Sunday, October 11, 2015

Johnnie Wyatt (#376)

John Wyatt was a Cardinals signee in 1954 following work in the Negro Leagues. He spent a year in their system, another year in the Negro American League (as best as I can determine) and then passed through the Braves organization briefly before landing with the Athletics.

His journey to the majors was sidelined by two years in the military, a year in the Mexican Leagues and he finally debuted with the A's in September of 1961. He won ten games in 1962 while making some spot starts but mostly working out of the bullpen. After '61 he never made another start in the majors. He led the league in appearances in 1964 and made the AL All Star squad and pitched one (bumpy) inning. He pitched for Kansas City until a trade in June of 1966 sent him to Boston.

He got his only World Series experience with the '67 Sox. He pitched a couple of innings in Game One and did his job, holding the Cards off the scoreboard as the Red Sox tried (unsuccessfully) to mount a late rally versus Bob Gibson. And then he was the winning pitcher in Game Six after blowing the save opportunity.

His career wound down over the next couple of seasons as he pitched briefly for the Yankees, Tigers and A's again before retiring following the 1969 season.

Some random bits and pieces about Wyatt.....

From Baseball Reference:
Wyatt holds the all-time single-season record for most home runs given up by a relief pitcher. For the Kansas City A's in 1964, he gave up 23 homers while making no starts. No other pitcher has ever given up at least 20 home runs while making three starts or fewer.

From SABR:
Wyatt finished his big league career with a 42–44 record, 103 saves, and a 3.47 ERA. During his playing career, he had begun work as a real estate developer in Kansas City, Missouri, in the off-season. Wyatt’s mother had owned some property in Buffalo and made a living off the rent, so John resolved to do the same. He saved $7,000 over his first seven years in pro ball and built a 12-unit apartment building on East 29th Street in Kansas City. “No one had ever built a new housing facility in Kansas City for Negroes,” he told Will McDonough. “It was a long shot, but I’m a long shot player…you can’t win if you never take the chance.…The proudest day of my life came with the construction of that building. In one day, I sold three apartments and got a citation from the president [Lyndon B. Johnson].”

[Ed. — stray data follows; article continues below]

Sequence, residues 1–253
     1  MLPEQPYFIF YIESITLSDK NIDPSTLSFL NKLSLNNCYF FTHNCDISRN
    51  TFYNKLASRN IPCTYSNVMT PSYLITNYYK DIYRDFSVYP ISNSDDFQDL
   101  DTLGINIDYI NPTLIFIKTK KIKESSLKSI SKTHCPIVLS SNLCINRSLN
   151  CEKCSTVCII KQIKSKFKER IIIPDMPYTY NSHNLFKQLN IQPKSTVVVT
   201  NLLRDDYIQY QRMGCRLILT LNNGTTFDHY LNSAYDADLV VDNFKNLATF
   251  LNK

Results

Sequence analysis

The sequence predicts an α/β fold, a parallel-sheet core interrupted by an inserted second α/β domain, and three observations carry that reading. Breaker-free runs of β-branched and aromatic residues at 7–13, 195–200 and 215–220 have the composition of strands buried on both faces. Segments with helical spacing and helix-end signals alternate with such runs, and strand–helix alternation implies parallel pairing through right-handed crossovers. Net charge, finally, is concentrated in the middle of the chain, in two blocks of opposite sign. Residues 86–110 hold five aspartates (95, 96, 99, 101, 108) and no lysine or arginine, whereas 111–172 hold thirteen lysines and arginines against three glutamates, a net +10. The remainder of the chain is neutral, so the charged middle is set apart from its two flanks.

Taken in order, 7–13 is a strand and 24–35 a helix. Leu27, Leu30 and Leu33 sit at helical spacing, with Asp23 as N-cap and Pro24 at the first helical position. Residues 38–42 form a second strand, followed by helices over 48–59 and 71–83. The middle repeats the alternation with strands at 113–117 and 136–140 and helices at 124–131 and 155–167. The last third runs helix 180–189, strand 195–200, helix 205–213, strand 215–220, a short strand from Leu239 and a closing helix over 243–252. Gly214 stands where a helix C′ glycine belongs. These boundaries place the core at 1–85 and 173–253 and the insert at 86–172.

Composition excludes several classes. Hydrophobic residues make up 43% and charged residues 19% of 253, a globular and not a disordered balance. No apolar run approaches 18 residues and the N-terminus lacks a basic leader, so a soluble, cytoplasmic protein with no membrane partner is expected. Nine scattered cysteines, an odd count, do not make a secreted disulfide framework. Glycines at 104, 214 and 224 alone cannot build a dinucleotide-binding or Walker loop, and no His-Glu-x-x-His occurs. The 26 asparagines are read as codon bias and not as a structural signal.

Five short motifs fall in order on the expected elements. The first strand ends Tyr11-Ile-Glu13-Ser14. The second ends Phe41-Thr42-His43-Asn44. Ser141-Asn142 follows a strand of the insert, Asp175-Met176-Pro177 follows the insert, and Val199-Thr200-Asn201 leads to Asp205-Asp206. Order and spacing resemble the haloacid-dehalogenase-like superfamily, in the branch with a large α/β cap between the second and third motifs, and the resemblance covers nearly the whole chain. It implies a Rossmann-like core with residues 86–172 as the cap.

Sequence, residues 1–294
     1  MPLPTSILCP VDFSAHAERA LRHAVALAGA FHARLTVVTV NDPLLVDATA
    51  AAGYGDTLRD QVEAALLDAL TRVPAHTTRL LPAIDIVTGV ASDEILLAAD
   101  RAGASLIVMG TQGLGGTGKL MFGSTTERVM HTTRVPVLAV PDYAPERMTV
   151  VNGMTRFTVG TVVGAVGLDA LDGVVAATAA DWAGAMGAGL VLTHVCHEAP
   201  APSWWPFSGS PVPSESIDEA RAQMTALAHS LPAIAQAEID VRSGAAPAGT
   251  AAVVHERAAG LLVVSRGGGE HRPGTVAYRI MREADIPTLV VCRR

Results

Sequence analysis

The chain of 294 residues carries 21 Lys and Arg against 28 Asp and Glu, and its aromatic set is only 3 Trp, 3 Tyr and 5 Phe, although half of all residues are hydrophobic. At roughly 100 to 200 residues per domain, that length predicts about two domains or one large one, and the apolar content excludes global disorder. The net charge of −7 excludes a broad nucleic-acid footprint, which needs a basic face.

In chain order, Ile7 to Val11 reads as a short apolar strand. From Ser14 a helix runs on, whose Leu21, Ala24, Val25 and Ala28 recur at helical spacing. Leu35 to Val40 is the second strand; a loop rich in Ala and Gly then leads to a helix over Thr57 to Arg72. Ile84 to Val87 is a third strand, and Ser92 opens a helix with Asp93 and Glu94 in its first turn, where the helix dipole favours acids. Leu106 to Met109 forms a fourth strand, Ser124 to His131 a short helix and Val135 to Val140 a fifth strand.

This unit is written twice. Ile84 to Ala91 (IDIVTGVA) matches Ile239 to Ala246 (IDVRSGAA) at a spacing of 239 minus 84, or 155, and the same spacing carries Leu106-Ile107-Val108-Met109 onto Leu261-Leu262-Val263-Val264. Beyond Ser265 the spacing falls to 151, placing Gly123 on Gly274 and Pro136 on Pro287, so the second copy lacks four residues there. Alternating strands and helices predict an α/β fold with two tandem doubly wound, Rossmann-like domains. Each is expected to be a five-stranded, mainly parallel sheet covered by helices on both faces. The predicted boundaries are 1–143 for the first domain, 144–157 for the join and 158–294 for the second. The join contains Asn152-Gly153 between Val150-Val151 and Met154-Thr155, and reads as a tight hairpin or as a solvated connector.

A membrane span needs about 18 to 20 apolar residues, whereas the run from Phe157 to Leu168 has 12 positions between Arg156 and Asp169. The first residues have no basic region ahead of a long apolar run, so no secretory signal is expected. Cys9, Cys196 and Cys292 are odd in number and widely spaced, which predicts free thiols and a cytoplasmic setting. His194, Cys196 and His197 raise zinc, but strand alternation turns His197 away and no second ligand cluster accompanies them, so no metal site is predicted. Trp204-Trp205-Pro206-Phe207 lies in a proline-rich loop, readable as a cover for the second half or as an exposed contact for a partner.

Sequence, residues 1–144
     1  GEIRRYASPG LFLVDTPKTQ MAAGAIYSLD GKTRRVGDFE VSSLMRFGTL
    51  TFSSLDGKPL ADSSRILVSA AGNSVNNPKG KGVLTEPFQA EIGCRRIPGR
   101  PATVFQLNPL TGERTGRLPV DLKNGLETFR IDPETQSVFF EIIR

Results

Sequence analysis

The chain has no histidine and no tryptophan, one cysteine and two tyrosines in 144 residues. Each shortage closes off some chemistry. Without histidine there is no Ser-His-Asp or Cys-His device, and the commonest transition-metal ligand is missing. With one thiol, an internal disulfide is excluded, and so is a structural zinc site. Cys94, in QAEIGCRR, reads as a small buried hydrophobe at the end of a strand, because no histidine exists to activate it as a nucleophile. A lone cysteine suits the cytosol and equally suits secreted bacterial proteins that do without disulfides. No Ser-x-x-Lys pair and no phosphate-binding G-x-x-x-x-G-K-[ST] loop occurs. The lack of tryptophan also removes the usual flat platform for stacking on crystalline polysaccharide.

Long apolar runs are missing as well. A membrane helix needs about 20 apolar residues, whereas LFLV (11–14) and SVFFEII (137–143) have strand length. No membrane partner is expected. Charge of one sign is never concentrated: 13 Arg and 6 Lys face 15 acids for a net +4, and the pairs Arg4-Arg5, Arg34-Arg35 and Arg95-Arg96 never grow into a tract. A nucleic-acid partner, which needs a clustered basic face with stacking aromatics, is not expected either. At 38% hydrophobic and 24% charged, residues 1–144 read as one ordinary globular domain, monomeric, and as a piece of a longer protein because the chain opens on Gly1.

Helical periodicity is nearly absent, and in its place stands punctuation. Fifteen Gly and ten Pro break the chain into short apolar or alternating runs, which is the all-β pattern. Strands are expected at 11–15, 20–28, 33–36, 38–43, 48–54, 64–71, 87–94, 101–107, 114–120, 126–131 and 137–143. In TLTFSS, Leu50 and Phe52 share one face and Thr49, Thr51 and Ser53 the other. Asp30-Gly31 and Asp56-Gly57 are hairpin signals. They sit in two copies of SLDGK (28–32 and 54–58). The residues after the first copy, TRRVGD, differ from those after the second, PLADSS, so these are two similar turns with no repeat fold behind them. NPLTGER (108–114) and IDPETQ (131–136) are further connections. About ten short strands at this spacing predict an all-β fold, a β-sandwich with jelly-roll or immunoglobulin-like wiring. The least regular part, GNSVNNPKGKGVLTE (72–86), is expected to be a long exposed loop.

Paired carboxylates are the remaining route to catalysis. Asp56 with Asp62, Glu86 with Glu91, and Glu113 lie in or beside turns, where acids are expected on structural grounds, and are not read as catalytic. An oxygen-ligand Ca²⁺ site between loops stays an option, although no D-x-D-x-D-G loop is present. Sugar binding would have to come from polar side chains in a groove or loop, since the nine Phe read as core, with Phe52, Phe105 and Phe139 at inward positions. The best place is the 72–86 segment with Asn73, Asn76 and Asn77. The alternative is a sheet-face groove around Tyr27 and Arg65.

John Wyatt died in 1998 at the age of 62.

Saturday, September 26, 2015

Final Card - Billy Klaus

Here is the final card (#551) for infielder Billy Klaus. Billy was signed by the Cleveland Indians in 1946, and played 9 minor-league seasons in the Indians’, Cubs’, Braves’, and Giants’ organizations.

He made his major-league debut with the Boston Braves in April 1952, playing 7 games before returning to the minors for the rest of the season. He also played 2 games with the Milwaukee Braves in 1953.

After his 1954 minor-league season, the Giants traded him to the Red Sox, and he was in the majors to stay beginning in 1955. Billy was the BoSox’ regular shortstop in 1955, finishing 2nd in the AL Rookie of the Year voting (to Indian’s pitcher Herb Score).

Klaus moved over to 3rd base the following season to accommodate rookie shortstop Don Buddin, but returned to shortstop in 1957 when Buddin lost the season to military service. Buddin returned in 1958, and with 1957 rookie sensation Frank Malzone entrenched at 3rd base, Klaus was relegated to the bench. Billy only played in 61 games that season – mostly as a pinch-hitter.

Klaus was traded to the Orioles after the 1958 season, and spent 2 years as the backup SS-3B behind Ron Hansen and Brooks Robinson. The expansion Washington Senators drafted him before the 1961 season, but he only managed to fill a backup role with the first-year team.

Billy’s last stop was the Phillies, manning their bench for all of 1962 and the first 2 months of 1963 before getting his release on May 24th. He finished the 1963 season in Japan, then played for the Senators’ AA team in 1965-66.

Klaus passed away in 2006 at age 77. His brother Bobby was also an infielder for several clubs in the 1960s.